Whether signing out to a colleague for the weekend or closing a practice permanently, handing off responsibility for patient care is a complex process that can create liability risks for a physician.
An effective handoff is essential in providing accurate information about a patient’s care, treatment, services, current condition, and any recent or anticipated changes. In our closed claims studies, we find that a lack of communication between care providers often contributes to patient injury.
When a patient handoff between physicians occurs, a best practice is to communicate the following information to the receiving physician: previous treatment, current condition, medications ordered to date, any recent or anticipated changes in the patient’s condition, and actions that still need to be completed.
Although face-to-face communication is the most effective method, telephone communication can also be efficient. Set aside sufficient time to relay the salient information, to ensure the receiver understands the data, and to discuss questions and answers. Standardizing the handoff process and the content will decrease the chances that critical information will be omitted.
Primary responsibilities for most practice changes focus on good communication with patients. Patients should be told what the changes will be, when they will occur, and how the changes will affect their continued medical care. Keeping your patients informed will prevent claims of abandonment.
If the change in practice entails temporary coverage by another physician, provide the patient with the covering physician’s name, phone number, and the duration of the coverage.
If the change is permanent, a more formal process is necessary. A notice about closing your practice should include at least these elements:
For more information on closing a practice, see “Notifying The Doctors Company” at the end of this article.
A short-term medical care transfer might include a brief oral update to the covering doctor about what to expect with current and acute patients. Make office records available if necessary. Hospital-based patient records should include documentation of the change, usually on the physician order form.
Provide a method for documenting patient phone calls to the covering physician that can be added easily and quickly to the patient’s medical record. Any patient encounter should be documented, as is customary. Unless the matter is emergent, delay releasing medical record information until the temporary coverage ends. Long-term changes require a process that ensures the safety and security of the medical records while providing ready access.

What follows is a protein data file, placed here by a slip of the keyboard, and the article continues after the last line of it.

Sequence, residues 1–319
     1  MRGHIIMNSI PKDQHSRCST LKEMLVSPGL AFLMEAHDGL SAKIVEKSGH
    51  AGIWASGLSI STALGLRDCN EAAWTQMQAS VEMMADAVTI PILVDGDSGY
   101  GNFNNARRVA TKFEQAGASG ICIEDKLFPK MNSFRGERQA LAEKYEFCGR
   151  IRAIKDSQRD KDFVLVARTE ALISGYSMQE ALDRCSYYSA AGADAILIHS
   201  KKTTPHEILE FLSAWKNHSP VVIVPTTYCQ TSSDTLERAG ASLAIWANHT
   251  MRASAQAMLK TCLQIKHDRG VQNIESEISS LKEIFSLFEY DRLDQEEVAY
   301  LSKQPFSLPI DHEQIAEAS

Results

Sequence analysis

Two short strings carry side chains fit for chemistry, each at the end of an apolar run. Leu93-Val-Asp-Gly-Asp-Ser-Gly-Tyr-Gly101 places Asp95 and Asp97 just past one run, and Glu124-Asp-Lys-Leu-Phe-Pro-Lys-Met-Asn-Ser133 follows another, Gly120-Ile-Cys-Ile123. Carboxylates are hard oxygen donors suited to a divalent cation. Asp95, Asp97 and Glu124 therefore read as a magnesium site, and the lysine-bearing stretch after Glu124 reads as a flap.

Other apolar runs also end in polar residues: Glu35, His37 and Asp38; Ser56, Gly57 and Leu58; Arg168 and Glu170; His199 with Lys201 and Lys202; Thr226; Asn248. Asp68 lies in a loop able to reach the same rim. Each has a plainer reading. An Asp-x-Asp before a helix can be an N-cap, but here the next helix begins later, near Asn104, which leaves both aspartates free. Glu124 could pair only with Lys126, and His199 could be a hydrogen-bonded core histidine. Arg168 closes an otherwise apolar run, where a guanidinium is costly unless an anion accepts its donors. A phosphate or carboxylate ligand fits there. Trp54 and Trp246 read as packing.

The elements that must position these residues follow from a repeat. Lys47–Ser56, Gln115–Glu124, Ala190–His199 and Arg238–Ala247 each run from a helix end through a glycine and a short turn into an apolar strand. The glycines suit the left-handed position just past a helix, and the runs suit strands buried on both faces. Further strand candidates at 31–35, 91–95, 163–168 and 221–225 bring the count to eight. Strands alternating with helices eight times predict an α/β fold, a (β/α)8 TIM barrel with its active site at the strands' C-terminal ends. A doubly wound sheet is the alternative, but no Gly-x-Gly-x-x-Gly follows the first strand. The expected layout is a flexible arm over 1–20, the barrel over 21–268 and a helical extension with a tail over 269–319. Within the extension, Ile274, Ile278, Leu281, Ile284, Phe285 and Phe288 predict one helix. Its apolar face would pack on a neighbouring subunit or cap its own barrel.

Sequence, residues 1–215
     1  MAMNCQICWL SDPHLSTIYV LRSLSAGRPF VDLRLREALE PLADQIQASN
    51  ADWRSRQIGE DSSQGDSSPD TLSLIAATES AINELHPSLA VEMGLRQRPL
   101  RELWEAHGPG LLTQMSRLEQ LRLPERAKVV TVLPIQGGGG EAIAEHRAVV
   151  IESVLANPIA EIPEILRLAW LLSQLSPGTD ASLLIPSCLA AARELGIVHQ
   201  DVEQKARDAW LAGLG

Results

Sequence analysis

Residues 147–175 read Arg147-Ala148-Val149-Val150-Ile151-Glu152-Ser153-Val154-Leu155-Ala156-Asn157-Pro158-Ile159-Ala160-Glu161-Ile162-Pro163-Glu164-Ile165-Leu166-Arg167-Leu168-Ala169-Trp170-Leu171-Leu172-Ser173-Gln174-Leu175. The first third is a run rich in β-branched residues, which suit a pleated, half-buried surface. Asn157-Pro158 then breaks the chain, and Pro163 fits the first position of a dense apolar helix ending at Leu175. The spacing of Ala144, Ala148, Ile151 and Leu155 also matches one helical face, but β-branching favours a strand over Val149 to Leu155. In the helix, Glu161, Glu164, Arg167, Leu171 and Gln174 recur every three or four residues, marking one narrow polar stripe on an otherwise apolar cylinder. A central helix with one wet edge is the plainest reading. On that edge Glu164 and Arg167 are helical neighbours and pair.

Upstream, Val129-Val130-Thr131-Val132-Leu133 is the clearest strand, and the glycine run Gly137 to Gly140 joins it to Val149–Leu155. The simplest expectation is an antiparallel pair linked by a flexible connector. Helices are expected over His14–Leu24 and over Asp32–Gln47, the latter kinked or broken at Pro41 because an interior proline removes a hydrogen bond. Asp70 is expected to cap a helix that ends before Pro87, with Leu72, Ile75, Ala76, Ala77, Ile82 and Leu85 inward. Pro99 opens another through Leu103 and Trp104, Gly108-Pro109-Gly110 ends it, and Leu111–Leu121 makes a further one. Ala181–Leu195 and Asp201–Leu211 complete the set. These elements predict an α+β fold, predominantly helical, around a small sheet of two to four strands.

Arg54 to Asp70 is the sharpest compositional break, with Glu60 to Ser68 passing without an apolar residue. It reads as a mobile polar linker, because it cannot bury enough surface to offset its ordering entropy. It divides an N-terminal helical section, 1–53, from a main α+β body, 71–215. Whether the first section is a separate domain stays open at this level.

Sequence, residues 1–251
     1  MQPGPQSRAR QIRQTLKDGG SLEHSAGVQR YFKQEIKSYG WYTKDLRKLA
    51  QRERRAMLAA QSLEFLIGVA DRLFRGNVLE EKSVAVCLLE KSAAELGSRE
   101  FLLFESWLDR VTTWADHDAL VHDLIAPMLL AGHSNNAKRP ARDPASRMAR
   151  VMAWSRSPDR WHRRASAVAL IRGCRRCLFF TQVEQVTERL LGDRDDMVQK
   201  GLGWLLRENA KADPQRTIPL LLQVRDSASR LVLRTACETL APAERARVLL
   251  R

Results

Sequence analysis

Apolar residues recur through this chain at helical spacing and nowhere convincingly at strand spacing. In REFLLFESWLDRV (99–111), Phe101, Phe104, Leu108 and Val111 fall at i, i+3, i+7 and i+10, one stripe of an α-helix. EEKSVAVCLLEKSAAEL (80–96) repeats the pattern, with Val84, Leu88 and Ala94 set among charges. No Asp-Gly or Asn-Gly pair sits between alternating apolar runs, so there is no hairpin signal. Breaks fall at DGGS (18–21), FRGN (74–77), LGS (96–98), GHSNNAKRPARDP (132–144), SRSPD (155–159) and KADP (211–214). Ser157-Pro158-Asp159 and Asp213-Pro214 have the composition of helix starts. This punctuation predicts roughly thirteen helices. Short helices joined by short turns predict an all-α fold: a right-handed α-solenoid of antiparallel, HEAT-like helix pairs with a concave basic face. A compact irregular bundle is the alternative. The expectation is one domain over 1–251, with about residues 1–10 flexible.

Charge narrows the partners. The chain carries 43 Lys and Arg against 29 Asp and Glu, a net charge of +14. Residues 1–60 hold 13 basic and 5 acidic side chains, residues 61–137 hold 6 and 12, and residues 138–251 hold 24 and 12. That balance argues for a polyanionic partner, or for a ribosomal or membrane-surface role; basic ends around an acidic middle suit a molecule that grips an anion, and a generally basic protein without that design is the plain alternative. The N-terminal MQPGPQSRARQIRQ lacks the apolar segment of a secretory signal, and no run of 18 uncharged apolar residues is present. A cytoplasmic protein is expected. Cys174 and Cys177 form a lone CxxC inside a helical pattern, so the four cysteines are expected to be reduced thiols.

When arranging temporary coverage, select a physician who shares your specialty. If the specialty is surgical or obstetrical, a backup cover may be advisable in the event that your locum tenens is actively involved with another patient. It is also a good idea to select a physician who has privileges at the same hospital.
When selling or closing a practice, similar guidelines apply. If the doctor buying the practice shares your specialty and privileges at the same hospital, it will help ensure your patients’ continuity of care.
If possible, introduce your acute or active patient population to the covering physician. A pre-established process for billing is another important detail. To avoid double billing, determine who will be responsible for billing patients.
Notify other practice associates of your impending absence. Provide your dates of departure and return to applicable office staff, referring practitioners, answering service, local hospital, clinics, nursing homes, etc.
On returning from a temporary change, ask the covering physician to update you. Review documentation in the medical records to address any patient care issues requiring follow-up. Listen to feedback from individuals who worked with the covering physician to learn about the success or failure of the temporary change. Each detail noted above may be applied in reverse when you are the covering physician.
Anytime a practice closes permanently, it is necessary to notify your agent or broker and The Doctors Company. This step ensures that past and future claim coverage will be addressed.
A packet of informative materials on closing your practice is available by contacting The Doctors Company at 800.421.2368 or firstname.lastname@example.org.
Jewel JA. Standardization of inpatient handoff communication. Pediatrics. 2016 Nov;138(5).
The guidelines suggested here are not rules, do not constitute legal advice, and do not ensure a successful outcome. The ultimate decision regarding the appropriateness of any treatment must be made by each healthcare provider considering the circumstances of the individual situation and in accordance with the laws of the jurisdiction in which the care is rendered.